That’s right! We’ve decided to go vertical with this latest prop and here are the plans:
One 8” concrete form tube
One wooden wine box
2” Rigid foam board
One decorative bowl
One ceramic gargoyle (we got Fergus for three whole dollars at a thrift store)
Latex grey and spray black/green
3” paint brush
foam sanding block
a screwgun and 3” drywall screws
Construction adhesive and a caulk gun
a measuring device/pencil
OK, here’s what you do:
Step One: Prep your base
Cut 2 pieces of 2” Rigid foam slightly smaller than the top of your wooden box. Using your jigsaw, cut 2 8” round holes in the center of the foam. Glue the base pieces together with adhesive and then screw them together. Repeat on the 8” round pieces from the hole cuts. Trim the round “plug” so that it fits snugly into the tube, be sure to glue it in when you are satisfied with the fit. Use 3” screws to secure the L-brackets around the base of the tube.
Step Two: Erecting the column
Find and mark the exact center of the top of your wooden box. Stand the tube up onto the box and drive screws throught the brackets. Glue around the seams and brackets for extra support. Apply some more glue to the bottom of the base foam, fit it over the tube and brakets. Once seated, use screws to fix the base.
Step Three: The Capital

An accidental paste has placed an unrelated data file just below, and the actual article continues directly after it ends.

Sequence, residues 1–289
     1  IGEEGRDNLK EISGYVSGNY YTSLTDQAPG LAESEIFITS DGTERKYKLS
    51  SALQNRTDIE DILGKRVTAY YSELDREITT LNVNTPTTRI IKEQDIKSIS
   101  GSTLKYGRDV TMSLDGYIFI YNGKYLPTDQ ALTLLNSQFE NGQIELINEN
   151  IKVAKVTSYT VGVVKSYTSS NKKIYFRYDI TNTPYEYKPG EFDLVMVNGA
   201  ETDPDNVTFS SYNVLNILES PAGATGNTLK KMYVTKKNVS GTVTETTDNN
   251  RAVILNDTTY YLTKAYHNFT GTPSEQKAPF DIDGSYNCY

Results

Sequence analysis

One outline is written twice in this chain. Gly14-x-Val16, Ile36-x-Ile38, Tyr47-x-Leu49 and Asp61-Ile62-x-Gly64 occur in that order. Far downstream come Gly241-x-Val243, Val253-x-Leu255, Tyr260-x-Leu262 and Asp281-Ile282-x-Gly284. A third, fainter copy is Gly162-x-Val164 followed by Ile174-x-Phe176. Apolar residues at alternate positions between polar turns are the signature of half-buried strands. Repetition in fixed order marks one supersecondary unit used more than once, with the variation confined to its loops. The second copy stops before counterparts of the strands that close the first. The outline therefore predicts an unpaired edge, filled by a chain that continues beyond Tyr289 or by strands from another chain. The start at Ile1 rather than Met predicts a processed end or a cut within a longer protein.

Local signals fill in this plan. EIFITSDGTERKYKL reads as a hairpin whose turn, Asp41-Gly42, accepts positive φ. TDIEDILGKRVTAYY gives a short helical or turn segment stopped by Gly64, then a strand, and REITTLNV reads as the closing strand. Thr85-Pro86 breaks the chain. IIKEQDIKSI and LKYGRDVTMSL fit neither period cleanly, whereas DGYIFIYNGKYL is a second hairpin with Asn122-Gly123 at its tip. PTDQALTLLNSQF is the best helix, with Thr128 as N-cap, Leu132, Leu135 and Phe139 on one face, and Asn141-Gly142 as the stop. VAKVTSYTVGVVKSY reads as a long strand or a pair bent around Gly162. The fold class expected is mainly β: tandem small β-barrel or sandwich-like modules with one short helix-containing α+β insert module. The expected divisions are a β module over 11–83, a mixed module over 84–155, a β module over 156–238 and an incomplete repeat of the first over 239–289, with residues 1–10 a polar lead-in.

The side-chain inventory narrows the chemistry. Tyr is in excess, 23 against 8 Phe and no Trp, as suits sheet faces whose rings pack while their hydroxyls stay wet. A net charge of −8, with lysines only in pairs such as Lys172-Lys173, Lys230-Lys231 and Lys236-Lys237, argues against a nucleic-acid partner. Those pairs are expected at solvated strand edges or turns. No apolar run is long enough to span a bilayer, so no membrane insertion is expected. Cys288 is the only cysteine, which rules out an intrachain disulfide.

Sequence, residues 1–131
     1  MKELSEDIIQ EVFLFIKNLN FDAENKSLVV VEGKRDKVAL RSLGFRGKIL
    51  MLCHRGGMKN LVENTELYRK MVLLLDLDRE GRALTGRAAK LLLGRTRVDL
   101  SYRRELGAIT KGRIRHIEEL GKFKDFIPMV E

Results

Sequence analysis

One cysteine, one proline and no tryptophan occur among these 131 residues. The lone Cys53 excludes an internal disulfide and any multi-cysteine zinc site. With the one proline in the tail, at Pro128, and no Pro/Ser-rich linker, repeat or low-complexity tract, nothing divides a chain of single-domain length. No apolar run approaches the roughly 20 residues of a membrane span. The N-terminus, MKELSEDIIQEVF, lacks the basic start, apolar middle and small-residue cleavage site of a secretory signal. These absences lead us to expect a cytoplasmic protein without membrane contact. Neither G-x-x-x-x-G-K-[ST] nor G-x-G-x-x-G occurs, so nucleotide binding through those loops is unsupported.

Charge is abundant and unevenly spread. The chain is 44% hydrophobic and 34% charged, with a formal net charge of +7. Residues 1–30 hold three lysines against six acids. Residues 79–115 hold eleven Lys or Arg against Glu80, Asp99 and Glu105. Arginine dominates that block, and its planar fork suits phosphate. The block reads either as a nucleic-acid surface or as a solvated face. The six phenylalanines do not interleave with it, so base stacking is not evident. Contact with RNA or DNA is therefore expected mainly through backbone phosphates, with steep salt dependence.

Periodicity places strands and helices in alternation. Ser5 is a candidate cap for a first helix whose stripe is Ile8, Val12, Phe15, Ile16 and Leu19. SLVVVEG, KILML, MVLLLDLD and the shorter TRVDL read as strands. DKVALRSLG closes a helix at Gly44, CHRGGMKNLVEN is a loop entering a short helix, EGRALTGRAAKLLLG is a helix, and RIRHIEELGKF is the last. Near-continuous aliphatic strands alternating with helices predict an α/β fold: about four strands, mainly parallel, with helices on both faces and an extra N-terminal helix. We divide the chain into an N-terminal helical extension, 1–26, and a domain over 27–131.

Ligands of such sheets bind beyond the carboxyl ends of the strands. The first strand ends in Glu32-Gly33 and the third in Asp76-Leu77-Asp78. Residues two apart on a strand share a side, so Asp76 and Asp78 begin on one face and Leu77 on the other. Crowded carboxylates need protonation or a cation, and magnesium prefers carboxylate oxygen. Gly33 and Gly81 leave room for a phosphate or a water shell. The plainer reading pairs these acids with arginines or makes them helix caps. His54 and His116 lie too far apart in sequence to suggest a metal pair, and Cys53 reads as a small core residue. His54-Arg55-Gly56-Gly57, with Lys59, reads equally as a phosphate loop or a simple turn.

Cut a piece of foam about 11x11” square. Mark an 8” round circle into the center, gouge out a track about 1/4 inch deep into the foam (we used a dremel tool) this acts as a cap for the tube. Glue cap on. Using plenty of adhesive we affixed the bowl to the top of the tube.
Step Four: Making it look mean
Trowl drywall compound onto the base and column of your monument for that “made of stone” look. We tried adding some texture with a sea sponge while wet to great effect. Let dry overnight. Once dry, lightly sand the compound to remove any pointy spots that could break off.
Step Five: Painting
We used a light grey latex paint, it was $5 in the “oops” paint section of Home Depot. Starting from the top and working down, watch for drips and make sure to cover everything uniformly. Let dry then second coat it. Paint your Gargoyle to match. Once dry, use plenty of adhesive to fix it into the bowl. We added some chain to make it look like he was being held against his will.
Step Six: Texture and weathering
Once your base coat is dry, begin lightly spraying recessed areas with black enamel. Stay about a foot away and let the paint settle onto the work. Experiment using different colors. When you are done spraying, dab your 3” brush into the base coat paint, use a rag to remove most of the paint from the brush. Now, gently move the brush over the surface of the work in a gentle sweep downward, notice how the small bit of paint still in the brush only highlights the raised surfaces. This is called “dry-brushing”. Keep brushing lightly downward to simulate weathering by rain and wind. I will sometimes weather something 3-4 times in layers to get a good effect.
Well, thats pretty much it. This is a pretty easy prop to make, but at over 6 feet, I’m sure it will get plenty of attention.